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Shipping containers stacked in the Port of Haliax in June of 2011. (Globe and Mail/Roger Hallett)
Shipping containers stacked in the Port of Haliax in June of 2011. (Globe and Mail/Roger Hallett)

Wendy Zatylny

Canada’s ports must prepare for 21st-century trade deals Add to ...

Wendy Zatylny is president of the Association of Canadian Port Authorities, representing 18 port authorities and related marine interests which handle more than $162-billion worth of cargo annually.

The maritime trade winds that have helped chart Canada’s economic course for decades are shifting dramatically.

As Canada’s Port Authorities gather in Belledune, N.B. – one of the National Port System’s key Atlantic gateways – it’s clear that the shipping world is going through a remarkable transformation and that Canada has a unique opportunity to advance its global leadership into the top ten nations when it comes to supply chain efficiency.

Expanded trade agreements between Canada and international partners are making our world smaller. Traditional trade patterns are changing. Competition to carry and receive cargo is intensifying. Navigating this new environment effectively is crucial to Canada’s economy and our standard of living.

With 90 per cent of everything we buy travelling by ship, maritime trade underpins the global economy. We buy, therefore we must ship.

These are the goods we depend on every day: cars, tools, electronics, resources, food, and medicines – to name just a few.

A combined $162-billion worth of goods are shipped or received through Canadian Port Authorities each year from trading partners in more than 160 countries. Our ports handle over 60 per cent of the country’s waterborne cargo.

In the process, our ports contribute to job creation and economic growth, creating 250,000 direct and indirect jobs that pay higher-than-average wages. Every one million tonnes of new cargo at Canada’s Port Authorities generates 300 new jobs.

The expansion of Canadian trade presents a remarkable opportunity for our shipping industry.

Since 2006, Canada has concluded new trade agreements with nine countries and is negotiating with many more. The Comprehensive Economic and Trade Agreement with the 28-nation European Union promises to open up preferred access to the world’s largest economy, with 500 million people and annual economic activity of almost $17-trillion.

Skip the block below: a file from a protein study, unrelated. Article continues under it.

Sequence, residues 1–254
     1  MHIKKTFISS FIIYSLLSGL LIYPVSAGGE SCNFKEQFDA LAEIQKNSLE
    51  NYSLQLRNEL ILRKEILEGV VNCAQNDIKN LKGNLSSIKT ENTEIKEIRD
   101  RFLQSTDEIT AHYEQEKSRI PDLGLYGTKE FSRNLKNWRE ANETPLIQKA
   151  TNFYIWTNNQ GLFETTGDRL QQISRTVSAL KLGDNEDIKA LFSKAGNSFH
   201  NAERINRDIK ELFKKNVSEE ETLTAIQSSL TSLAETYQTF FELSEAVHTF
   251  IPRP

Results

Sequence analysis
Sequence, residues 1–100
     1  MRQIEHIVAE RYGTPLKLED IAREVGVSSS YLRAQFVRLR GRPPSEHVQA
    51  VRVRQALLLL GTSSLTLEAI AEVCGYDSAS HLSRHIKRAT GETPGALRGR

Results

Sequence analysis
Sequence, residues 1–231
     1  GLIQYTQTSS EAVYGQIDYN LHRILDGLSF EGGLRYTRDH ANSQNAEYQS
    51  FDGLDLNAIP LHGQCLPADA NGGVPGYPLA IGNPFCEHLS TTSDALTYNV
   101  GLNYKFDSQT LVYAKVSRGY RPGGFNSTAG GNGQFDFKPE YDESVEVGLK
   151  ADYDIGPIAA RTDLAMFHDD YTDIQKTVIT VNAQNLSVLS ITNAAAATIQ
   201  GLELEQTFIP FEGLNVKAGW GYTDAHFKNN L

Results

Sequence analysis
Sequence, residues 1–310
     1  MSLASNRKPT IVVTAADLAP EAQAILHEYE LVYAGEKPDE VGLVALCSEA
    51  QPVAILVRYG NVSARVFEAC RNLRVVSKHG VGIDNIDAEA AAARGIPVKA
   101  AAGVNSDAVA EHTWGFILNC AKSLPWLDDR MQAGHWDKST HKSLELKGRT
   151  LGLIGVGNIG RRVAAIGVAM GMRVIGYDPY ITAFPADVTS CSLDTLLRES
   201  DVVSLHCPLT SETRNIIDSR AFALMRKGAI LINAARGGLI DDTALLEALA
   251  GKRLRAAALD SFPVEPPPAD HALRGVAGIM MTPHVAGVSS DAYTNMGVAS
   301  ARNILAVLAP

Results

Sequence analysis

The recent announcement that Canada and the EU have completed a text creates an historic, once in a lifetime opportunity that we must seize.

However, we will only be able to capitalize on this expanded market and increase our competitiveness through strengthened port facilities and improved supply chain efficiencies. With the expansion of trade comes the necessity for the expansion of port infrastructure.

A 2012 report by the World Bank on logistics ranked Canada 14th out of 155 countries when it comes to the efficiency of our clearance process, the quality of trade- and transport-related infrastructure, the ease of arranging competitively-priced shipments and other key factors.

This measure is important because it is an alternate measure for the efficiency of a nation’s economy, and is indicative of a nation’s competitiveness. The report notes, “Countries with better logistics can grow faster, become more competitive, and increase their investment.”

In our view, 14th is not good enough for a leading trade nation. Our goal should be to break into the World Bank’s Top 10 in terms of supply chain efficiency. We’re confident we can improve our position with the government of Canada on board, engaging with Canada’s Port Authorities to ensure our infrastructure is able to accommodate increasing trade demands and that our supply chains operate as smoothly and efficiently as possible.

We hope to create a partnership with Canada’s Trade Commissioner Service to develop a training program for trade commissioners, helping them better understand the value-add that is the National Port System. We’d also like to see our partners in government create an Inter-Departmental Working Group that would examine and seek to resolve other regulatory issues and barriers to “smooth sailing” on a continuing basis.

The efficiency of our supply chains in the marine shipping industry is as much a value-add as the trade agreements that support our exports. Indeed, creating opportunities by addressing challenges will help Canada maximize its advantage and truly seize the moment.

Doing so will allow Canada to fully leverage the benefits of the trade agreements it is negotiating, bring additional economic benefits to its citizens, and position us as the world leader in transportation logistics and supply chain efficiency. The time is now to pair Canada's 21st century trade agenda with 21st century transportation efficiency.

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